U.S. Press Freedom Tracker

Independent livestreamer, Heather De Mian, pepper sprayed by St. Louis police

Incident Details

Date of Incident
September 29, 2017
St. Louis, Missouri
Case number
Case Status
Type of case


Was the journalist targeted?
heather de mian

Heather De Mian, an independent livestreamer, was pepper-sprayed by St. Louis police while filming a protest.

November 16, 2023 - Update

State appeals court dismisses reporter’s First Amendment claims

Independent livestreamer and photographer Heather De Mian’s First Amendment claims against a police officer who pepper-sprayed her during a 2017 protest in St. Louis, Missouri, were dismissed by an appeals court on Nov. 16, 2023.

De Mian was filming a protest in St. Louis on Sept. 29, 2017, one of several following the acquittal of a white police officer in the 2011 shooting death of Anthony Lamar Smith, a Black man. She was pepper-sprayed by police during the protest and later tweeted that she suffered particularly severe damage from the spray because she has Ehlers-Danlos syndrome, a genetic connective tissue disorder.

De Mian filed a federal lawsuit in 2018 against former St. Louis Police Officer William Olsten, one of the police officers who pepper-sprayed her, as well as former Police Chief John Hayden and the City of St. Louis, alleging First and Fourteenth Amendment violations and assault, among other claims.

In a separate suit, Olsten was charged with three counts of assault for pepper-spraying De Mian and others present at the protest, but a Missouri Circuit Court judge found him not guilty in May 2021, ruling that his use of pepper spray was justified.

In July 2019, a district court dismissed De Mian’s claims of excessive force, failure to train and supervise, and request for punitive damages, and in September 2022, it dismissed her claims of First and Fourteenth amendment violations and various violations of state law. De Mian immediately appealed the 2022 ruling.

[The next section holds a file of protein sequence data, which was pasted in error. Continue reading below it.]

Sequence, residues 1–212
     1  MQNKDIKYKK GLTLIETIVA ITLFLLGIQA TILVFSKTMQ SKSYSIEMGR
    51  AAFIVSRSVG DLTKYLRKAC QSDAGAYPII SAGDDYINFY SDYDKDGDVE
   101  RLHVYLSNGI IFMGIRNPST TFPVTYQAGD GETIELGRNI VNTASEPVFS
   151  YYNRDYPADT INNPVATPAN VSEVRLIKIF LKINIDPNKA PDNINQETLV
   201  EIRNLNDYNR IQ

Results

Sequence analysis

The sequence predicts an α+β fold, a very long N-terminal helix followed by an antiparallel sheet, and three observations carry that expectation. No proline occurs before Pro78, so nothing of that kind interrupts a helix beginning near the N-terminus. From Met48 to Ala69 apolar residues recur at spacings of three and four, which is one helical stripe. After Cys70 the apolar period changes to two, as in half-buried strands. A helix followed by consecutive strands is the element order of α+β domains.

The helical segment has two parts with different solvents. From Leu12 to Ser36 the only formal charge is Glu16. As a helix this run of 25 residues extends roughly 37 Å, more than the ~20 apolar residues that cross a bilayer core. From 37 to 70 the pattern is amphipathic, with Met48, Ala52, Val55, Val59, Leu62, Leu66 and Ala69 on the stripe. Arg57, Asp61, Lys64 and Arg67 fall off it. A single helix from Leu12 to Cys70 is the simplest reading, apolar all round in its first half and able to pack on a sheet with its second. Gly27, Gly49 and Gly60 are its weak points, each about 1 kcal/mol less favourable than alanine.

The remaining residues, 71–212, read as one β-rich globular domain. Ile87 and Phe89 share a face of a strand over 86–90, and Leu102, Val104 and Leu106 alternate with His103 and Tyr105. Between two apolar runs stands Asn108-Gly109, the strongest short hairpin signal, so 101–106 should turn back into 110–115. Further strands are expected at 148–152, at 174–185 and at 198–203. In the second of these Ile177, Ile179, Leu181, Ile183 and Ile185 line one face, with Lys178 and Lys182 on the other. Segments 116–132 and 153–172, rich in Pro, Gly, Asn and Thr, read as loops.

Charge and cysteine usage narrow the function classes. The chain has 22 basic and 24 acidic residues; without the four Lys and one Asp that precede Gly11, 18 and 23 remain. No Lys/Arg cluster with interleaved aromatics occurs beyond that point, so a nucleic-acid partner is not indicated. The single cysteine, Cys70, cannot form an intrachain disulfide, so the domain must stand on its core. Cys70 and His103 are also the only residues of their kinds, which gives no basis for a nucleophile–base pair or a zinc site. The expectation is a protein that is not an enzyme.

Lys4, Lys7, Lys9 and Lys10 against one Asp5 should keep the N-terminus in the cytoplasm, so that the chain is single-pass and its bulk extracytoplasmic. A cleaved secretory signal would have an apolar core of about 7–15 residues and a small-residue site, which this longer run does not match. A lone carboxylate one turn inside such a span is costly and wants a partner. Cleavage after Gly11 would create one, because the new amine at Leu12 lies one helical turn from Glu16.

On Nov. 16, 2023, the U.S. Court of Appeals for the Eighth Circuit affirmed the district court’s decision and ruled that despite De Mian’s claims that she is a well-known reporter, there was insufficient evidence to indicate that Olsten would have recognized her or that he saw her filming the protest, indicating that he could not have targeted her for her reporting.

May 28, 2021 - Update

Officer acquitted on felony assault charges for pepper-spraying protesters

On May 28, 2021, a Missouri Circuit Court Judge found a former St. Louis police officer not guilty of assaulting three people, including independent journalist Heather De Mian, during protests in 2017.

William Olsten faced three felony assault charges for pepper-spraying three individuals during one of several protests following the acquittal of former police officer Jason Stockley on a murder charge. Judge Thom Clark II ruled that Olsten’s use of pepper spray was justified, according to the St. Louis Post-Dispatch.

“While regrettable, unfortunate and concerning that the complaining witnesses experienced the unpleasant effects of the chemicals disbursed (sic) from Defendant’s mace canister,” Clark wrote. “Defendant’s actions were justified under the circumstances.”